I have two sets of dryer balls—one set is white, the other black. It’s easy to see which ones I need to throw into the dryer. Now, any white lint stays with the white dryer balls, and dark lint links with the dark set. Problem solved.

As I update this post, my white set of dryer balls is going on eight years old. I haven’t counted how many loads of laundry they have fluffed and softened, but it’s many.

Manufacturers say one set of quality wool dryer balls is good for at least 1,000 drying loads. That means mine should have plenty of life left in them. It just might be the best money I’ve ever spent!


Wool dryer balls are readily available in stores like Walmart, Target, and Amazon. Here are links to the two sets of quality wool dryer balls I purchased online and have been using for years (during which time I have NOT spent hundreds of dollars on gallons of liquid softeners and cases of dryer sheets!).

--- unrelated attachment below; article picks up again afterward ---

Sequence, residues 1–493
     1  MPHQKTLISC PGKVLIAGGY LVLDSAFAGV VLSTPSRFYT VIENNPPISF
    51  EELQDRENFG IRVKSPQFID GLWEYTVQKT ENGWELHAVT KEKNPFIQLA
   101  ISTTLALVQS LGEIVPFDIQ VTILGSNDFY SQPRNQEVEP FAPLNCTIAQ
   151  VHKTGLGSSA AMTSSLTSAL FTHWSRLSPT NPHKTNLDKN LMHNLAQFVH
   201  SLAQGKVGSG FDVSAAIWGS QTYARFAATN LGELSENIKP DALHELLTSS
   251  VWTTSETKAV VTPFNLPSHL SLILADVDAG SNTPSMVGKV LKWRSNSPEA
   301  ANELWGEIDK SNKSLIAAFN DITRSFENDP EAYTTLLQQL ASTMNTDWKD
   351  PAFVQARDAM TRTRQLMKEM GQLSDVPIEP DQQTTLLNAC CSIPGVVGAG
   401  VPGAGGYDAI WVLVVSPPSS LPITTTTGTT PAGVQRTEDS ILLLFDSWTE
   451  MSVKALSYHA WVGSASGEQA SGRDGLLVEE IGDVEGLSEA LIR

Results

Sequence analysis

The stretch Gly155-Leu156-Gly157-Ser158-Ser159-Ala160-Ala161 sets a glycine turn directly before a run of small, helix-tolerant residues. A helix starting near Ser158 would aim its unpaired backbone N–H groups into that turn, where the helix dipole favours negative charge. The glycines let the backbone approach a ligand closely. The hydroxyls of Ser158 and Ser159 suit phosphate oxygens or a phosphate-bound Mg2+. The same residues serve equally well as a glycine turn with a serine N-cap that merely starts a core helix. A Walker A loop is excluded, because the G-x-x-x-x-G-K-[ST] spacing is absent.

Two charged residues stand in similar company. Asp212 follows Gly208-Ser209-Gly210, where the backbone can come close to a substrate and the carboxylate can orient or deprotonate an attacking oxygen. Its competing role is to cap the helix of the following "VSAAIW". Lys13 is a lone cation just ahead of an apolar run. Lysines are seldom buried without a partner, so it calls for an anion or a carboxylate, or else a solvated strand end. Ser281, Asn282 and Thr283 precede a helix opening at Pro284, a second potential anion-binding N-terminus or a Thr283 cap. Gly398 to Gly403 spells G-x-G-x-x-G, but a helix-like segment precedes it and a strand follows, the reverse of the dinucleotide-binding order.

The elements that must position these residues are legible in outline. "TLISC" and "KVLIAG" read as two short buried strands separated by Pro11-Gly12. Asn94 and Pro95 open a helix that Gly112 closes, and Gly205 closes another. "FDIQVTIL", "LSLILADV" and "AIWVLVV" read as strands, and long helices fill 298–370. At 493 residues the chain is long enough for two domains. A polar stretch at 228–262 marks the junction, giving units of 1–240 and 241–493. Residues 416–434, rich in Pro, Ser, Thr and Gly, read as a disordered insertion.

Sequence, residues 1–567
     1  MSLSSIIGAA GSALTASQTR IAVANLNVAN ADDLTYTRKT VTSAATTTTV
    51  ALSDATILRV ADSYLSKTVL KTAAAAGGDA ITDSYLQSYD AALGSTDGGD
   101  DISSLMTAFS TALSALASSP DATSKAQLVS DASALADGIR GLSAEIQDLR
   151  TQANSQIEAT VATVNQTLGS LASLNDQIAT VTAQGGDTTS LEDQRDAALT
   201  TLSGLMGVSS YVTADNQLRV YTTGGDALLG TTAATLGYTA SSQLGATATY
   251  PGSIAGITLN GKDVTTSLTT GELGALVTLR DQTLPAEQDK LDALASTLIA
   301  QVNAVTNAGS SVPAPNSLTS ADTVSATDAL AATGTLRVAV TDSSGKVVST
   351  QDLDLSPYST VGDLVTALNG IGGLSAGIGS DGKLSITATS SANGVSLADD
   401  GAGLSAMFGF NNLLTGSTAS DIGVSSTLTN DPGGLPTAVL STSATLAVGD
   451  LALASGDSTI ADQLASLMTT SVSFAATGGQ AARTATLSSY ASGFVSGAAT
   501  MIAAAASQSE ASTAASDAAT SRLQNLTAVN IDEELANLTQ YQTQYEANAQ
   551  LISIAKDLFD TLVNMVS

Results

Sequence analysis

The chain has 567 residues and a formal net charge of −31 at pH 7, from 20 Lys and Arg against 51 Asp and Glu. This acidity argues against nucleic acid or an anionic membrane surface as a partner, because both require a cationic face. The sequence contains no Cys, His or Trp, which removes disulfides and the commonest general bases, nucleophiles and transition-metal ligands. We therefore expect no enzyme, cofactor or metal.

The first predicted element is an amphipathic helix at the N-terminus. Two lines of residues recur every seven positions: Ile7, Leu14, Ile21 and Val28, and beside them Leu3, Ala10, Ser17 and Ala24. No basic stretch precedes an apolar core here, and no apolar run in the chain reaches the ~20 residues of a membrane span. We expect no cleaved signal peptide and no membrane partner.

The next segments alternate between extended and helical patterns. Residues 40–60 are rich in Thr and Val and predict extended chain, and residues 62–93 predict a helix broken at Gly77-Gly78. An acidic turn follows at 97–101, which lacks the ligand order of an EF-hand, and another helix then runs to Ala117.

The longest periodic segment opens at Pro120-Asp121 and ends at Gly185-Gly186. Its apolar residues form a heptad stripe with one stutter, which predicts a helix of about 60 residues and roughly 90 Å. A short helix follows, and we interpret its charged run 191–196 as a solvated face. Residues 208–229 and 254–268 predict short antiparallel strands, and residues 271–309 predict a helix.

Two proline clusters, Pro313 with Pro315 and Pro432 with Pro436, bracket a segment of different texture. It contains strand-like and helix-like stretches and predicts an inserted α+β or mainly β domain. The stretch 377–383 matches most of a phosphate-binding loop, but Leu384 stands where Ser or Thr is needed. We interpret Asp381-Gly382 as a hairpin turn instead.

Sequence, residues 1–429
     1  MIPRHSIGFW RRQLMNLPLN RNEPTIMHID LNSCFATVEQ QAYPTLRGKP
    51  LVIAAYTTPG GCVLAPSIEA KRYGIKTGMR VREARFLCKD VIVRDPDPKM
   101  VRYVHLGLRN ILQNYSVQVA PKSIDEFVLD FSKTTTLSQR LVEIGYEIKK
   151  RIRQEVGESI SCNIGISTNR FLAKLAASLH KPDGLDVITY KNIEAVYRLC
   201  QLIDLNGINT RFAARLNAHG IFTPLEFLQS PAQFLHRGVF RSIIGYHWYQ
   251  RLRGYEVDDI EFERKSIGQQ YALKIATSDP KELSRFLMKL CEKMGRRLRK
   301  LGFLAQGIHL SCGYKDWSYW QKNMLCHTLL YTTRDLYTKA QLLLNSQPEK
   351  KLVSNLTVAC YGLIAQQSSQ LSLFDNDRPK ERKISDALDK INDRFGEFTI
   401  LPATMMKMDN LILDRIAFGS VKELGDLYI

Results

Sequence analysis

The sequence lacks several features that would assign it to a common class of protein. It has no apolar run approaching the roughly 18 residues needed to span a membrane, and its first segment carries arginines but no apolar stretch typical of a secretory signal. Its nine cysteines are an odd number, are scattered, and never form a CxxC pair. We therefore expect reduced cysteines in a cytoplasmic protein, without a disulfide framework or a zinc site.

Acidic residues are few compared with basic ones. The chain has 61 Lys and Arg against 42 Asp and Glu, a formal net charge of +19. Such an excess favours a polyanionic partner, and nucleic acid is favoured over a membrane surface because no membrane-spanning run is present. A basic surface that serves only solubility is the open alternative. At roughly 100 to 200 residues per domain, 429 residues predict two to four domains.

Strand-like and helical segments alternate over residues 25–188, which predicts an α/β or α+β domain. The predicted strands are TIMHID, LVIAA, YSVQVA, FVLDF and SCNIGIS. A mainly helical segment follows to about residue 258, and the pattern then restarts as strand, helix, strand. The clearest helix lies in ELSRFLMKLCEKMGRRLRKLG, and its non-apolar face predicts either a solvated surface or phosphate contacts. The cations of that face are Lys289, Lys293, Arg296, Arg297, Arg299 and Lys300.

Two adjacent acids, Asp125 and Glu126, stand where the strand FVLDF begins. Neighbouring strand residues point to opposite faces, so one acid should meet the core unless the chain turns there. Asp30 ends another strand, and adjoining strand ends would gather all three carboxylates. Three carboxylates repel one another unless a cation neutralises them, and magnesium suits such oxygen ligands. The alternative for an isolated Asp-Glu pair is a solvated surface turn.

Are you crafty?

You can make your own wool dryer balls. Find a tutorial here.

You might also enjoy …


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  1. Natalie King says:

    Thank you so much for this fabulous money-saving tip Mary! I live in South Australia and we pay the HIGHEST Electricity Rates in the World, so your tip is wonderful.. I purchased my Dryer Balls after reading your article and cut down my drying time by 20 minutes – as well as dampening the balls first – NO static cling whatsoever! And my two cats, Syko and Angel both love Washing Day as they play with the balls when I have finished washing for the day! Thanks again for such a great Newsletter 😉

  2. OneidaLane says:

    I love the dryer balls and will try wetting them! BUT I learned the hard way that WHITE WOOL DRYER balls leave lint all over black jeans or black anything. I will search for some dark ones.

  3. crabbyoldlady says:

    How do you know when it’s time to replace the dryer balls? The description says they can last for 1000 loads. Then what?

  4. Patsy McQuade says:

    Trouble is, there is no essential oil that smells like orginal Bounce!! That is the best fragrance for fresh clothing!